Schooling Your Child With Adrenoleukodystrophy

Schooling Your Child With Adrenoleukodystrophy

If you are the parent of a child with a rare disease such as adrenoleukodystrophy (ALD), managing your child’s schooling and their disease can be challenging but can done well with some planning.

Here are a few tips that may help:

File a treatment plan with the school

A treatment plan contains information about your child’s disease, his or her treatments, any side effects the school should be aware of, and a list of medications with dosage information and when your child should take them.

Make sure you update the treatment plan after each doctor’s visit, whether or not it has changed. Also, make sure that the school nurse is aware of the plan and can administer any medication. Ensure that all contact phone numbers are up-to-date.

Some children with ALD experience seizures, so make sure that you have a plan with the school for what to do if your child has a seizure at school.

Inform teachers of any restrictions

Each child is unique. Talk with your child’s doctor about any restrictions in diet, exercise, or class times for your child.

Some children may have difficulty with balance and experience clumsiness. This may make sports or physical education classes more difficult or even dangerous.

Many children experience fatigue as a result of the disease. In such cases, they may need half-days of school or breaks during classes.

Discuss with your child’s doctor the activities they should and should not be allowed to do, and talk with your child’s school about any alternate arrangements that are needed.

Ensure special accommodations are in place

If your child has difficulty walking between classes in the time available, discuss rearranging their schedule with the school, or ensure accessibility accommodations. The school may have elevators that allow your child to avoid stairs. If your child cannot carry their books or needs extra time to move between classes, discuss what accommodations the school can make.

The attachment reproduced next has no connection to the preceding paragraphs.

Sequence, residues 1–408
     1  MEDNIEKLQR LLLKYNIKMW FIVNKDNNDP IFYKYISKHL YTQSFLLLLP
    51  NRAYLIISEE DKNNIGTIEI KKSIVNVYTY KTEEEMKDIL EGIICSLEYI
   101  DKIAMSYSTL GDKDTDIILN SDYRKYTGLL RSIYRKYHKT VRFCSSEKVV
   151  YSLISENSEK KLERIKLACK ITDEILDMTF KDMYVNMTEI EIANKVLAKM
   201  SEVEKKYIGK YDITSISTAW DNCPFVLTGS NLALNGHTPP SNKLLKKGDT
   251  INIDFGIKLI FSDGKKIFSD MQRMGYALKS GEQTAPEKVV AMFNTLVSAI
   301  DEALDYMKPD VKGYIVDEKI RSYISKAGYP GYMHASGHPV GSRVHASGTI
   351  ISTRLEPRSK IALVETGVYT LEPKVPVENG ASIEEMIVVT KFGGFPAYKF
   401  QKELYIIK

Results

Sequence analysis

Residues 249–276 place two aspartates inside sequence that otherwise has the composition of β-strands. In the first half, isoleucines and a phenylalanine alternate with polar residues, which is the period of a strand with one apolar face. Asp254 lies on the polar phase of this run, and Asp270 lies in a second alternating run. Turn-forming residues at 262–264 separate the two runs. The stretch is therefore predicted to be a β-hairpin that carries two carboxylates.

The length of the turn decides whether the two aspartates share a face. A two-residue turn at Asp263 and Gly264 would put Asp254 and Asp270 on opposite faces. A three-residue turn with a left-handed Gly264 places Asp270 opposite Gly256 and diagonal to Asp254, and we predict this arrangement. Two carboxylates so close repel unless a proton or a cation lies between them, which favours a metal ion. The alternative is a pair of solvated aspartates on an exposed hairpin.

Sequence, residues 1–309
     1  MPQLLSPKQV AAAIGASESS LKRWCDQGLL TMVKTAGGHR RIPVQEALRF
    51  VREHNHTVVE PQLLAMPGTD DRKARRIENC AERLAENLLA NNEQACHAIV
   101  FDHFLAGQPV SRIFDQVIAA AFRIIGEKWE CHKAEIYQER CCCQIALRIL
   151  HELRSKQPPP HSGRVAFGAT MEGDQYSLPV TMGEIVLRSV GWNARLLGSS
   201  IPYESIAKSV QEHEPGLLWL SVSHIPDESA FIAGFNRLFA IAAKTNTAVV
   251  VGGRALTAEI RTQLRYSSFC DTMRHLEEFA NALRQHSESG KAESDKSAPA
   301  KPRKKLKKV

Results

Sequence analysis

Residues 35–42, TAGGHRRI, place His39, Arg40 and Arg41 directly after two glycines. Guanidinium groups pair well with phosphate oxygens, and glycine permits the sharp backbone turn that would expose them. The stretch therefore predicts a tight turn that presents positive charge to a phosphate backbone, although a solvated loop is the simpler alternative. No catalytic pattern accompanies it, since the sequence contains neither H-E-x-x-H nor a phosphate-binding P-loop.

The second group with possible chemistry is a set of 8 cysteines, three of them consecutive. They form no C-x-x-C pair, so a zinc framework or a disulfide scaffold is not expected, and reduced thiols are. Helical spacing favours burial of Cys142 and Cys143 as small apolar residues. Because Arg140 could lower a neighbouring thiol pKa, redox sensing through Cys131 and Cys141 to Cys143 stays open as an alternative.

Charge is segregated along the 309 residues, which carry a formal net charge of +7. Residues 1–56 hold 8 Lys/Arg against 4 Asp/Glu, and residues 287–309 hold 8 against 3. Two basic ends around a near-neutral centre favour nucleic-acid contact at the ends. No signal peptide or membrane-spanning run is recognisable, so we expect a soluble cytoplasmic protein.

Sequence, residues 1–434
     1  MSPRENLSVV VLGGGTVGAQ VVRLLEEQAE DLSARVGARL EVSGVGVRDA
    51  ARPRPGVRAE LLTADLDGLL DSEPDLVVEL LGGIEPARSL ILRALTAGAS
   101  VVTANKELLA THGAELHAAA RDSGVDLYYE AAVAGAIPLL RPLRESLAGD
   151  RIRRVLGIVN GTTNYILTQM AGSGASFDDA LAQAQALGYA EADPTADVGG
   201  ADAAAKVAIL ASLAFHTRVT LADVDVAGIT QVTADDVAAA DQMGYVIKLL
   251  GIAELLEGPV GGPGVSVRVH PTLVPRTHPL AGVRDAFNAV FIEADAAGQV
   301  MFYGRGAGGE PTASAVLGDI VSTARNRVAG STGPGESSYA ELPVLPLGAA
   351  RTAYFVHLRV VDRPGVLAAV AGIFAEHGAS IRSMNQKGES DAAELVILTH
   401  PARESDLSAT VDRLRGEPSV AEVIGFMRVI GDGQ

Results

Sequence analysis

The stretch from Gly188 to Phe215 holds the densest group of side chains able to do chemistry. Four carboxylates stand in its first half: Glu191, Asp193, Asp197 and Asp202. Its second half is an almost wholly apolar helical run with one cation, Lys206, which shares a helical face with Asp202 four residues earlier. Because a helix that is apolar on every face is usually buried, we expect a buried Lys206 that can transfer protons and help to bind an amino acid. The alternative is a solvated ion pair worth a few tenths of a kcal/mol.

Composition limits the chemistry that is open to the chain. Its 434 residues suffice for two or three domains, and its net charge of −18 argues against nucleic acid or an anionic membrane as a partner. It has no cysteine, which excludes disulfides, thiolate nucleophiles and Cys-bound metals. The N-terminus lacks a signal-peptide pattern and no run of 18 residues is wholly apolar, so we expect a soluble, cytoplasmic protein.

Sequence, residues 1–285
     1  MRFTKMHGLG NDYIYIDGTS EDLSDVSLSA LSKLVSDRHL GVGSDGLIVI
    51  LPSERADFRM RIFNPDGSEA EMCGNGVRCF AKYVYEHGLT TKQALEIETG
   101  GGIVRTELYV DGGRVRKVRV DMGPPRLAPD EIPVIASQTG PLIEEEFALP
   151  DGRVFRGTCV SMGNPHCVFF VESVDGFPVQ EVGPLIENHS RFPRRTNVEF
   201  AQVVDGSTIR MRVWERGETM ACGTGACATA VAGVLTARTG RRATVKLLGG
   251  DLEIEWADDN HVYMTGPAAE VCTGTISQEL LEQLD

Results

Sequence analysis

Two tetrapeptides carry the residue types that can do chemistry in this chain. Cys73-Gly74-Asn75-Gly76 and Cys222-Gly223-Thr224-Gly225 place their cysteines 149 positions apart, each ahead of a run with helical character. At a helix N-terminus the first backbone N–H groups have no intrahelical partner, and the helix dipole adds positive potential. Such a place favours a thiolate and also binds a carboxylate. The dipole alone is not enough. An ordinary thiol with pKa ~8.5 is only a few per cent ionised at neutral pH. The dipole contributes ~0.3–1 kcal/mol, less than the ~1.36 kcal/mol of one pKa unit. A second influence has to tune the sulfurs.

Many children with ALD experience behavioral problems, which may include aggressive behaviors. Discuss classroom discipline strategies with the school.

On days when your child needs to stay home from school, make sure that you have a plan in place with the school for getting and handing in homework.

Discuss your child’s potential need for an IEP

Depending on the situation, your child may need an individualized education plan (IEP). An IEP lays out a plan for special education instruction, as well as the supports and services needed to ensure your child’s progress and success in school. Review and update the plan frequently with the teachers.

Because ALD is a progressive disease, your child’s symptoms are likely to worsen with time. Make sure that you are in frequent discussions with their school so that you’re aware of changes observed in your child’s symptoms and behavior. This way you can decide, together with the school, the best strategy for your child.


Last updated: April 7, 2020


Adrenoleukodystrophy News is strictly a news and information website about the disease. It does not provide medical advice, diagnosis, or treatment. This content is not intended to be a substitute for professional medical advice, diagnosis, or treatment. Always seek the advice of your physician or other qualified health provider with any questions you may have regarding a medical condition. Never disregard professional medical advice or delay in seeking it because of something you have read on this website.

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